Drawing on faith: a friend's scribbled crosses illustrate the difficult road to Easter hope.
But this past Christmas, I saved a particular envelope. The writing on the address side looks like a child's scrawl. Clearly the writer labored mightily to form each crooked, uneven, broken squiggle that barely resembles our names and address. On the card itself is scrawled one word: Daniel.
The sender is Father Daniel, a classmate of mine from St. Anselm College who entered the Benedictine abbey after graduation. Five years ago, at the age of 48, he suffered a stroke. It has been a long, hard road of hospitalizations and therapy ever since. While his speech has pretty much returned, he needs a cane to tool around the monastery. But the stroke has left him unable to use his right hand and arm.
Daniel has always had an exceptional ability with pen and ink (another card I have kept over the years is a triptych of scenes from the Christmas gospel he drew during his novitiate year). During our undergraduate days Daniel designed all kinds of posters and flyers for college events; over the years he has illustrated and illuminated many abbey liturgy booklets and publications, and one year, in an emergency, he hand-painted the abbey's paschal candle.
The sight of our names on that envelope, scratched out with a left hand Daniel must now learn to use in new ways, filled me with incredible sadness. I couldn't bring myself to throw it away. "Go, Daniel!" I prayed as I put it near a cross on my bookshelf.
As Holy Week approaches, the envelope has become a powerful image of Easter hope for me. It is an icon of the cross Daniel has borne these years, a cross he has taken up with the same determination, generosity, and sly, just-under the-radar sense of wicked humor that he has brought to his work as a teacher, campus minister, and dorm director.
Despite his physical limitations, he remains a constant presence of joy and hope, of support and affirmation to the college community. He is always available to students in need of a sympathetic ear or a faculty member in search of a sounding board. His unwavering faith and enduring sense of whimsy are an inspiration to his confreres and friends.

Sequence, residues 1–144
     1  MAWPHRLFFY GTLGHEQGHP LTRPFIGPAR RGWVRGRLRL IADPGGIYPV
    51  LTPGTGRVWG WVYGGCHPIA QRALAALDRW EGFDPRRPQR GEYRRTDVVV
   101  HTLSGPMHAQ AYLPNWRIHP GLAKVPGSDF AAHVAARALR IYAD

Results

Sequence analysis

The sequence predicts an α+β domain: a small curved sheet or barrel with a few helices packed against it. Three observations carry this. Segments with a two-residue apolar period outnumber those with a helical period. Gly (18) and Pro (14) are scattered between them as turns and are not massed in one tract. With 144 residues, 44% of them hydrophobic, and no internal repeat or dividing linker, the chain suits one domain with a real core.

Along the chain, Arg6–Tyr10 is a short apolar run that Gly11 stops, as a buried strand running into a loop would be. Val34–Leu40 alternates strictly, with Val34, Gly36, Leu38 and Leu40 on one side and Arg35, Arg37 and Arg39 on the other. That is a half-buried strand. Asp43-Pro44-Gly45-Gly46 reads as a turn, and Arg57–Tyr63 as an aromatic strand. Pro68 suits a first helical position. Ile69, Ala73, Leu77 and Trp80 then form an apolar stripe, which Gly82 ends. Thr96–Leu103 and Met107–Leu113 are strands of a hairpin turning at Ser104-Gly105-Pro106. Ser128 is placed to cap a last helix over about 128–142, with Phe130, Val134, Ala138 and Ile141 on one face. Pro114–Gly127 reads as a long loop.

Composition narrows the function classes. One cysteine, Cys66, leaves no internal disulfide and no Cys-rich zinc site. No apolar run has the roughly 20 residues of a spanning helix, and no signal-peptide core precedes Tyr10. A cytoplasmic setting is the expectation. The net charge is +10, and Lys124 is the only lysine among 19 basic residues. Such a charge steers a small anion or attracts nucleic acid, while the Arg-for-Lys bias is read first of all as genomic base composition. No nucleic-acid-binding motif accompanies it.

In fact, Daniel is now doing the most effective preaching of his priesthood. He is teaching all of us the lesson of the cross: that our challenge as followers of Jesus is to trans form the crosses we all have into vehicles of resurrection.
We all have crosses to bear. We tend to think of our particular cross as a burden, something--or someone--that demands much time and energy from us. We consider whatever weighs us down, causes us pain and anguish, traps us in lives of desperation and despair as the "crosses" we have to bear. We dream of the day when we can lay our crosses aside, never to pick them up again.
But many of our crosses are opportunities to be sources of hope, of joy, of discovery, of healing, of life--for ourselves and others. The challenge Christ calls us to take up is to transform our crosses, as he did. God lays on able shoulders the strength to cope, the ability to listen and console, the faculty to lead and lift up. These crosses, when taken up in the same spirit of humble compassion with which Jesus took up his, are the first light of Easter dawn.
The Easter gospel is retold in our midst by the volunteer who picks up her "cross" of kettle and ladle to feed the homeless who gather at the downtown soup kitchen; by the teacher who takes up the "cross" of textbooks and lesson plans to open up new worlds of possibilities to his students; and by the mother who bears the "cross" of her child's murder to become an activist for neighborhood child watch programs. In this way, every one of our crosses can become a moment of grace, a seedling of the tree of life.
Daniel is showing us that. I have it in writing.
JAY CORMIER, adjunct professor of communications at St. Anselm College in Manchester, New Hamspire, and editor of Connections, a newsletter of preaching and homiletics.
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|Date:||Mar 1, 2006|
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